Organization of the Year:  Boston Renegades

USISL I-League (Indoor)

The newly renamed I-League was down to seven teams this year, with Baltimore Bays landing a perfect 11-0 record in the East and Tulsa Roughnecks winning the West. Several teams also played limited informal indoor schedules. The indoor playoff tournament was eliminated in favor of a single championship game, won by Baltimore, who beat Tulsa 5-4 (OT) and 13-10.

Final 1996-97 I-League standings and playoff results

Most Valuable Player:  Billy Ronson, Baltimore Bays
Top Point Scorer:  Billy Ronson, Baltimore Bays (70)
Top Scorer:  Brian Adams, Omaha Flames (23)
Top Goalkeeper:  Dave Tenney, Baltimore Bays
Rookie of the Year:  Jessie Williams, Tulsa Roughnecks
Coach of the Year:  Kevin Healey, Baltimore Bays

National Professional Soccer League

For the 1996-97 season, the NPSL went international, adding the Toronto Shooting Stars, and also entered one of the largest soccer markets, with the new Philadelphia Kixx, playing in a traditional soccer hotbed. The Kixx were owned by Ed Tepper, who had been witness to the first professional indoor game in modern soccer history in 1974, and was instrumental in the formation of the Major Indoor Soccer League in 1978. Meanwhile, the veteran Chicago Power moved to Edmonton, becoming the Drillers.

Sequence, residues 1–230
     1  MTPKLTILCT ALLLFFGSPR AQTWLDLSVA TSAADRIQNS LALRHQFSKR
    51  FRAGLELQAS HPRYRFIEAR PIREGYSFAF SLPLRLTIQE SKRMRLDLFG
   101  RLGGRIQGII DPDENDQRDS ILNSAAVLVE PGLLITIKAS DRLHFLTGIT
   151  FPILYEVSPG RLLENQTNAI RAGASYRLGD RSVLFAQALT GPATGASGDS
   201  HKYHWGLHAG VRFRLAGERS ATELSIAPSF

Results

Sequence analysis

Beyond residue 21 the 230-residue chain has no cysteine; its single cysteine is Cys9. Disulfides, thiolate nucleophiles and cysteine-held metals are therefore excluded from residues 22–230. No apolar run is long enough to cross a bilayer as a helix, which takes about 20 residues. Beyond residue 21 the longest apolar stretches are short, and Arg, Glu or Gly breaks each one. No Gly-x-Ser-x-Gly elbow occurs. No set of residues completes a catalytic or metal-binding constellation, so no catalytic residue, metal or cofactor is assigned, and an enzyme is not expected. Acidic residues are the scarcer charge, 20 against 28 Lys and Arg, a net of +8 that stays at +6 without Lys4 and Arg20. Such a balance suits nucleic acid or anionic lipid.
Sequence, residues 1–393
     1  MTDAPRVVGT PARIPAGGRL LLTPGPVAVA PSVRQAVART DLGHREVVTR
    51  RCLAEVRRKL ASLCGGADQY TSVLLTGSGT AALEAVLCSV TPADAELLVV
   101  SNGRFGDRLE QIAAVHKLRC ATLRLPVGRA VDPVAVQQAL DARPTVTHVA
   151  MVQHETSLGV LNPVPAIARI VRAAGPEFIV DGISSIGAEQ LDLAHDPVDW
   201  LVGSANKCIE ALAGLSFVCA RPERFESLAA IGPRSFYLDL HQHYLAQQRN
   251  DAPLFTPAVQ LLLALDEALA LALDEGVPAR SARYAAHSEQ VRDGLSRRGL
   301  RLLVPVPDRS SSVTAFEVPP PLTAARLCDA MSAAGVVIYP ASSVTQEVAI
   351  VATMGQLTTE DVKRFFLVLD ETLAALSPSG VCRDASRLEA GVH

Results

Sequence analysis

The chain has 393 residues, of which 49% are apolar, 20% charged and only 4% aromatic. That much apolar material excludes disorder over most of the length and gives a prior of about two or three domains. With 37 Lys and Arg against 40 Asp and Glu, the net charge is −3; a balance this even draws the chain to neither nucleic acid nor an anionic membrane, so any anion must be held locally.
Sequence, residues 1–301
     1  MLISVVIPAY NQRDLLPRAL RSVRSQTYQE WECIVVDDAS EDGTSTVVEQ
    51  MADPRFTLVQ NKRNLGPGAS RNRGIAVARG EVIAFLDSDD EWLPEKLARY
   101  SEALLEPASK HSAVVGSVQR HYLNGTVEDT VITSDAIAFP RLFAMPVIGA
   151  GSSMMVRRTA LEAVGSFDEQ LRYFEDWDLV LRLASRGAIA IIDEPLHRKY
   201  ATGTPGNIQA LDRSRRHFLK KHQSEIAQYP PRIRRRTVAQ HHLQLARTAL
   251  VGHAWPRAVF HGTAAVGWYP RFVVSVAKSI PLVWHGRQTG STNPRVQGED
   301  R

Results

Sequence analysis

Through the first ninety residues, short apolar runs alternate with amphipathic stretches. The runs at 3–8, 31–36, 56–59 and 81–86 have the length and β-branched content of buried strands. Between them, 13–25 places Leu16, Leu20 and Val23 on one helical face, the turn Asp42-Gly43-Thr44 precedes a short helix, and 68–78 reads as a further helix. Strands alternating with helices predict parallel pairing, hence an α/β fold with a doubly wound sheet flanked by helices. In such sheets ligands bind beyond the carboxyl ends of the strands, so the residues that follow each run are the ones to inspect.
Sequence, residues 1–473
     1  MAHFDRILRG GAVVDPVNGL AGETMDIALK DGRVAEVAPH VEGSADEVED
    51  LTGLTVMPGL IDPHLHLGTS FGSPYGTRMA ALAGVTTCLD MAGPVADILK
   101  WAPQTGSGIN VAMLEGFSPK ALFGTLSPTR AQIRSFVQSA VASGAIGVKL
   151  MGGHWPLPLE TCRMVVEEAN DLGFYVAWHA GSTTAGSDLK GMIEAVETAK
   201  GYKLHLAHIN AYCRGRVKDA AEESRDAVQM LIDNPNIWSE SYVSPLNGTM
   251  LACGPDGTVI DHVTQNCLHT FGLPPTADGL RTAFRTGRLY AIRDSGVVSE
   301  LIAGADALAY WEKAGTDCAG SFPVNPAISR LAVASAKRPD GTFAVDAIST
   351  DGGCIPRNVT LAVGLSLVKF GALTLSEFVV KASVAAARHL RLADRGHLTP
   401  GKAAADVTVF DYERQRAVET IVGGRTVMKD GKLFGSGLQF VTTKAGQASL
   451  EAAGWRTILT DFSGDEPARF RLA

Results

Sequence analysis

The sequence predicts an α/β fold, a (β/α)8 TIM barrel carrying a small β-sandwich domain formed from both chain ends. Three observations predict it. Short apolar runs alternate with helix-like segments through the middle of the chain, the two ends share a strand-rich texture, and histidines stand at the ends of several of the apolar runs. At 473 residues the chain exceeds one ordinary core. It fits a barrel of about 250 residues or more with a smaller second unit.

The Drillers brought back memories of the old NASL club by the same name, and were an immediate hit with the fans, and climbed to 21-19 for the year, bringing home Coach of the Year honors for Ross Ongaro. Hector Marinaro set an all-time single game scoring record, with 25 points in a 52-18 victory over Columbus. The Buffalo Blizzard got a new owner, John Bellanti, a new home, the new Marine Midland Arena, and a new coach Gary Hindley.

The NPSL was split into four divisions, two for each of the existing conferences. The first beneficiaries of this new structure were the Buffalo Blizzard, St. Louis Spirit and Harrisburg Heat which won their respective divisions. The biggest comeback was enjoyed by Edmonton, who came from their dismal 6-34 record (as the Chicago Power) to share divisional honors with Buffalo in the North Division. The big action took place in the Midwest Division which featured four of the league powerhouses, with St. Louis, Kansas City and Milwaukee fighting it to the wire, with all of one game separating the three by the end of the season.